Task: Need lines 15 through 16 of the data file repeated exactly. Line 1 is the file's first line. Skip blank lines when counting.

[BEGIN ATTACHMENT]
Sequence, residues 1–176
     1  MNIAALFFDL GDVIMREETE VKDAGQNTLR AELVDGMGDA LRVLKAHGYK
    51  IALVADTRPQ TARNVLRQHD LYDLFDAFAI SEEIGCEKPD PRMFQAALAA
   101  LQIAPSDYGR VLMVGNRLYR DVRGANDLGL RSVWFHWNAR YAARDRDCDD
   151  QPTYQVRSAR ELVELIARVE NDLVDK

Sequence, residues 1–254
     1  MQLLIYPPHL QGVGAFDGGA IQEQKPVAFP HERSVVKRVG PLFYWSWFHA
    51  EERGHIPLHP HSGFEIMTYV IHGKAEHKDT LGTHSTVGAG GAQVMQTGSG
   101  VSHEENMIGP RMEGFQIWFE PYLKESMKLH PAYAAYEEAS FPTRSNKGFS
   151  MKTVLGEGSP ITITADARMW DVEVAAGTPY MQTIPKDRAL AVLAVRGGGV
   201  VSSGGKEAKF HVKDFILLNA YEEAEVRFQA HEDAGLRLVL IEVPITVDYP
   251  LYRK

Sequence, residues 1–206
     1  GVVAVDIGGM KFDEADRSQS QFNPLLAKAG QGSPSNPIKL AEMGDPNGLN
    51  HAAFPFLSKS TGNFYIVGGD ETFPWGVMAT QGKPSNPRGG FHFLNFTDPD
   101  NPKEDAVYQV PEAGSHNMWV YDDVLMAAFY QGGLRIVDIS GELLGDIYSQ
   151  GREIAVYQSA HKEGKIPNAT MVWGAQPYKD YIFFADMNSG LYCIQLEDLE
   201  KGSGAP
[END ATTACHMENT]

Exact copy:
    51  HAAFPFLSKS TGNFYIVGGD ETFPWGVMAT QGKPSNPRGG FHFLNFTDPD
   101  NPKEDAVYQV PEAGSHNMWV YDDVLMAAFY QGGLRIVDIS GELLGDIYSQ